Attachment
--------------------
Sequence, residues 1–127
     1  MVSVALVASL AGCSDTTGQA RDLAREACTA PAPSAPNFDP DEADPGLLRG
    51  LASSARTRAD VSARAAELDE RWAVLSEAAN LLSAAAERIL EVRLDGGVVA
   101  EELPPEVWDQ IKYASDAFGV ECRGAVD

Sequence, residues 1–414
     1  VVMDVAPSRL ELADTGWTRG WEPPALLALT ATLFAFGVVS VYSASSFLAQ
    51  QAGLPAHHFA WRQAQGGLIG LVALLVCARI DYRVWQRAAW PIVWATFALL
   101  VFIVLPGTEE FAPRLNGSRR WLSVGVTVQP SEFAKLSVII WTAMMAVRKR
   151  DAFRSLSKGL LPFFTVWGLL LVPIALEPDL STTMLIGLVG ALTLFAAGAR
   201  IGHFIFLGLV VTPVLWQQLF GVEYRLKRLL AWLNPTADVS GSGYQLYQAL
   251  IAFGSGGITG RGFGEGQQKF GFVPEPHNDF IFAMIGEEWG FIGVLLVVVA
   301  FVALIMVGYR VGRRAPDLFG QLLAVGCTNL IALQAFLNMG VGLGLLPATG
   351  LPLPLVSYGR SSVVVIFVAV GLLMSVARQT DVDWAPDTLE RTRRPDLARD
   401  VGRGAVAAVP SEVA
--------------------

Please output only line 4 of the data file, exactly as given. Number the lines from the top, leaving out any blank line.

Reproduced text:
   101  EELPPEVWDQ IKYASDAFGV ECRGAVD